Policies should enforce the role of institutional review committees and veterinarians. New regulations should recognize and support the important role that Institutional Animal Care and Use Committees and attending veterinarians play in the oversight of animal research. Both the Animal Welfare Act and Public Health Service Policy require institutions conducting animal research to have a standing ethics committee charged with reviewing proposed research activities involving animals, overseeing an institution’s overall animal care and use program, and monitoring compliance with relevant regulation and policy, among other responsibilities. New federal policy should clarify that the committees and attending vets have ultimate authority for ensuring the ethical care and use of animals at the institutional level, and for determining whether the anticipated benefits of the particular research study justify the proposed use of laboratory animals, a balancing exercise that should always occur before research begins.

Any new federal advisory body should solicit a diversity of perspectives. The FASEB report recommends the government consult with experts from federally funded animal research institutions, including researchers, veterinarians, and Institutional Animal Care and Use Committee members, during its review of animal research regulations and policies. The report also proposes a similarly constituted group to permanently advise the government on regulatory burden issues in animal research. Public Responsibility in Medicine and Research agrees with these proposals, but further suggests that any advisory entities include independent animal welfare experts, ethicists, and nonscientists. The inclusion of these perspectives is essential to securing public support of animal research.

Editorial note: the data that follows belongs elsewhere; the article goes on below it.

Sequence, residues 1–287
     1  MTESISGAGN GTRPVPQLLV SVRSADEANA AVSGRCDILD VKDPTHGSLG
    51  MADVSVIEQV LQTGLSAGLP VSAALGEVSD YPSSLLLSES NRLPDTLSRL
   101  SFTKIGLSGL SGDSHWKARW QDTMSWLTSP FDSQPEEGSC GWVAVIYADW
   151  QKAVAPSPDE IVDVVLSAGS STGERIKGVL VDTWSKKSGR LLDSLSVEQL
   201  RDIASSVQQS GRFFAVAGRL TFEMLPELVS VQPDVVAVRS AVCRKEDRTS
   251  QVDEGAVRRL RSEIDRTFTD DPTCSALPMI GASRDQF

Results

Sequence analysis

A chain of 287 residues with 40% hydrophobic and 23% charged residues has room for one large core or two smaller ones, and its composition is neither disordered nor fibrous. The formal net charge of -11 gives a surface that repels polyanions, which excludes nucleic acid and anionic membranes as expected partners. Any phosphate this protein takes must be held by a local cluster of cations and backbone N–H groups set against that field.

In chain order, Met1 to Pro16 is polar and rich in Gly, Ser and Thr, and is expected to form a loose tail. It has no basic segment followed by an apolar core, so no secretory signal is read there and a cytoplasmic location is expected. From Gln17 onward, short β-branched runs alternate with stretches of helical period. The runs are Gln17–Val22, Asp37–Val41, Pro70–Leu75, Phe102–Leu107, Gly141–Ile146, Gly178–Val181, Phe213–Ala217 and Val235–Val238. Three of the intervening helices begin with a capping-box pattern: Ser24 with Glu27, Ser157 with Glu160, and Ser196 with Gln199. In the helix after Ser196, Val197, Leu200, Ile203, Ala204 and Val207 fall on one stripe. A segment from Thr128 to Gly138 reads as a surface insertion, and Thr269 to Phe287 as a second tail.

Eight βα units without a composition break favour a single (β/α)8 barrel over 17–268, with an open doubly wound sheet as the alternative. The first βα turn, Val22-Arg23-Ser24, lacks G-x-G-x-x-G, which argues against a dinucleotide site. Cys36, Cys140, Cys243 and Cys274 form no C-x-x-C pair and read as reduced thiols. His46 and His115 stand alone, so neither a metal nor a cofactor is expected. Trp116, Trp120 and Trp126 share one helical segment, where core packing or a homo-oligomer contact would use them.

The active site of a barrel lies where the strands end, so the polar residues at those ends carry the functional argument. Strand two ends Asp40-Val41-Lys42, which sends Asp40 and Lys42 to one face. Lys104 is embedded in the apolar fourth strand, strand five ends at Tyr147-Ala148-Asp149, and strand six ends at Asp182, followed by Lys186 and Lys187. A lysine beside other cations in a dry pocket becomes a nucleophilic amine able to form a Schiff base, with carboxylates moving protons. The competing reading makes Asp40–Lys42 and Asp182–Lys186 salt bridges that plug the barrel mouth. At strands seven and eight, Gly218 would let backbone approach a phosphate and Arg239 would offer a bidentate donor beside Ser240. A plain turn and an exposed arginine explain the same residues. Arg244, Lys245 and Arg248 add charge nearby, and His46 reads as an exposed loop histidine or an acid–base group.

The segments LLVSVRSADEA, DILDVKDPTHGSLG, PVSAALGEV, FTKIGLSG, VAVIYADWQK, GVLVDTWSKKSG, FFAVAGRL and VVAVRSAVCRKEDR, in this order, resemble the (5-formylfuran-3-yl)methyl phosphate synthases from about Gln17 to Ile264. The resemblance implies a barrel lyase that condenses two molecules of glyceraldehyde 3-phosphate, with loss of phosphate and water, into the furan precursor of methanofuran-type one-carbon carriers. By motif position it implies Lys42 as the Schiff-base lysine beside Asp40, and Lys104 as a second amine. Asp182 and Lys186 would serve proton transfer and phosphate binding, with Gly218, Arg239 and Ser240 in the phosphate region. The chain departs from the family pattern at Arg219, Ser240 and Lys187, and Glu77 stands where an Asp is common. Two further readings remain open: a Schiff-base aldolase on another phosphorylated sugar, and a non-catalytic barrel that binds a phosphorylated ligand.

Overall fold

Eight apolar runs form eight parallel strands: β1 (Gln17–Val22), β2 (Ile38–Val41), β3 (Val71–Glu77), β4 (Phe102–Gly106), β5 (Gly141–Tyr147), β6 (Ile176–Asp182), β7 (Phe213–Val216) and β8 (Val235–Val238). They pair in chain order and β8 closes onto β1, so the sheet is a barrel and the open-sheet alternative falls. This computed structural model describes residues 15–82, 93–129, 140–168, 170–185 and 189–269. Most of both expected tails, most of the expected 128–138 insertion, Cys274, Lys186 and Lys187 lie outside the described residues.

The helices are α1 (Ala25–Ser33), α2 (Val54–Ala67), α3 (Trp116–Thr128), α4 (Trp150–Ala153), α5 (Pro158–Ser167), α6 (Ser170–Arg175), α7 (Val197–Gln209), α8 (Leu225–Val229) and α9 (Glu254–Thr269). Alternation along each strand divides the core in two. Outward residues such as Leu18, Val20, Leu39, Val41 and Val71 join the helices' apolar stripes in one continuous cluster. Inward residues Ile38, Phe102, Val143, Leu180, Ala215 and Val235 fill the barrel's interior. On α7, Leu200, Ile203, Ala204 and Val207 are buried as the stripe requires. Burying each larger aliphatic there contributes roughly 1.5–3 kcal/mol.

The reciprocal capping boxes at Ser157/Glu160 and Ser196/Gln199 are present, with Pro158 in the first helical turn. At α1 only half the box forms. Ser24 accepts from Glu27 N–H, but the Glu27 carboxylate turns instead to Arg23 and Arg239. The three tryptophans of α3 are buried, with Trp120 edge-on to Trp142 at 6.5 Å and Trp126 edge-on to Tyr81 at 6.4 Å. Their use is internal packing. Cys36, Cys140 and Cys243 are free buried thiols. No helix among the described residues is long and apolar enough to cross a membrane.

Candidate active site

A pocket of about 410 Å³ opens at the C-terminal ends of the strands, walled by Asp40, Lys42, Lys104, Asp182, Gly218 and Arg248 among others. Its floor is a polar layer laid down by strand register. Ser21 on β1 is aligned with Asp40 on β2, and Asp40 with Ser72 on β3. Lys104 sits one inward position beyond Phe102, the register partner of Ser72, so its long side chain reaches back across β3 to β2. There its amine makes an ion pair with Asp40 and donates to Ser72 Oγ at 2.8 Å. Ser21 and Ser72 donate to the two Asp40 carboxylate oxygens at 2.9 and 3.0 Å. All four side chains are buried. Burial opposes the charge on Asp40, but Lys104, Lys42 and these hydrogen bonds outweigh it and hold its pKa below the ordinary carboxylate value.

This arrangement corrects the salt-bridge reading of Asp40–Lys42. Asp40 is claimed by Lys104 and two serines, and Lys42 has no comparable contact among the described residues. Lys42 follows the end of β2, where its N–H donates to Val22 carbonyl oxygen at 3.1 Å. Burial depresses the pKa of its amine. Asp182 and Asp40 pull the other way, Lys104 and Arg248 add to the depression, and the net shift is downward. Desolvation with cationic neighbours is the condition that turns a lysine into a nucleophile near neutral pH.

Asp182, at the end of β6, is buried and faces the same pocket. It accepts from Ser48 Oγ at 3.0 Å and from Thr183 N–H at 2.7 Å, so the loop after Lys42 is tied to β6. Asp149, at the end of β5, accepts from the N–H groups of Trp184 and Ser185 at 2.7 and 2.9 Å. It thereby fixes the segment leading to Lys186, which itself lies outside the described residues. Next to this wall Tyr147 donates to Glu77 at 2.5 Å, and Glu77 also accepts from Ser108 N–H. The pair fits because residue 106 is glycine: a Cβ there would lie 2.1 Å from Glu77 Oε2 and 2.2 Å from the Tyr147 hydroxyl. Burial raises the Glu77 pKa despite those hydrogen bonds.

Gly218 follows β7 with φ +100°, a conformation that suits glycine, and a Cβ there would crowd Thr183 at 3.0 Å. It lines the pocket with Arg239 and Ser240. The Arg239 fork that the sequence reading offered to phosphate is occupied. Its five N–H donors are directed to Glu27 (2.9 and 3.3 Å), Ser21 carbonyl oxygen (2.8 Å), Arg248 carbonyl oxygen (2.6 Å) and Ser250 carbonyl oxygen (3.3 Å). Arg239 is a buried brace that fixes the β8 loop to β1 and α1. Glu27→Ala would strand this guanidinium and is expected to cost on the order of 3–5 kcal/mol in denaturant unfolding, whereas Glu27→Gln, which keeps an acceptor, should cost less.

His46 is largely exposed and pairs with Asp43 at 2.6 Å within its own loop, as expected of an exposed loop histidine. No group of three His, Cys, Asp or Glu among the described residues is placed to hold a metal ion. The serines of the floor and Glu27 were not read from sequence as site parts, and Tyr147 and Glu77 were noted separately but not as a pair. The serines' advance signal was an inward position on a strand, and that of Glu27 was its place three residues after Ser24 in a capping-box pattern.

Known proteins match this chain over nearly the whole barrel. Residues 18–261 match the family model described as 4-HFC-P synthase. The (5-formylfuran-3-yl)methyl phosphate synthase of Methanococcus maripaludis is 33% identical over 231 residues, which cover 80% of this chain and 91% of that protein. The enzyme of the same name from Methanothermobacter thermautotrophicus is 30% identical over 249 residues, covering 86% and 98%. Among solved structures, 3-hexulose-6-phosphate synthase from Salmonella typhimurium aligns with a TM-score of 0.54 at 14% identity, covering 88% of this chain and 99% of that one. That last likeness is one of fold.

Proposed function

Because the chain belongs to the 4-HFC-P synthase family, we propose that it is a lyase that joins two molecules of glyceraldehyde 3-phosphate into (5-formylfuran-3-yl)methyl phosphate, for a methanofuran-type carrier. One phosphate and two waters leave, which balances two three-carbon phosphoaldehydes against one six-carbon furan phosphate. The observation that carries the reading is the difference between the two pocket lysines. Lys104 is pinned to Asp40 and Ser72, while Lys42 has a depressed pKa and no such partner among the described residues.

Any new federal oversight body should have the independence and authority to ensure the ethical conduct of research with animals. Level of effort and funding for the ethical conduct and oversight of animal research varies institution by institution. Furthermore, institutions and investigators are under pressure to secure funding and accelerate science — demands that are sometimes at odds with the ethical conduct of research. The FASEB report recommends that regular government inspections be eliminated in favor of an approach whereby frequency of inspections is determined by compliance history. Public Responsibility in Medicine and Research is concerned that if this specific recommendation is adopted, some institutions — including those with previously exemplary animal care and use programs that for one reason or another decline — may not receive appropriate oversight. To mitigate this risk, any new federal entity must have the legal authority and resources from Congress to effectively encourage and enforce compliance with animal welfare policies. It must also be functionally and financially independent from any agency that conducts or funds research.

The NIH is accepting public comment until June 12, and it will issue its recommendations this December. The time is right for thoughtful reform. We urge federal decision-makers and the research community not to let legitimate and important concerns about administrative burdens obscure the crucial role that regulations can play in promoting the ethical and humane use of lab research animals.

Elisa A. Hurley, Ph.D., is the executive director of Public Responsibility in Medicine and Research.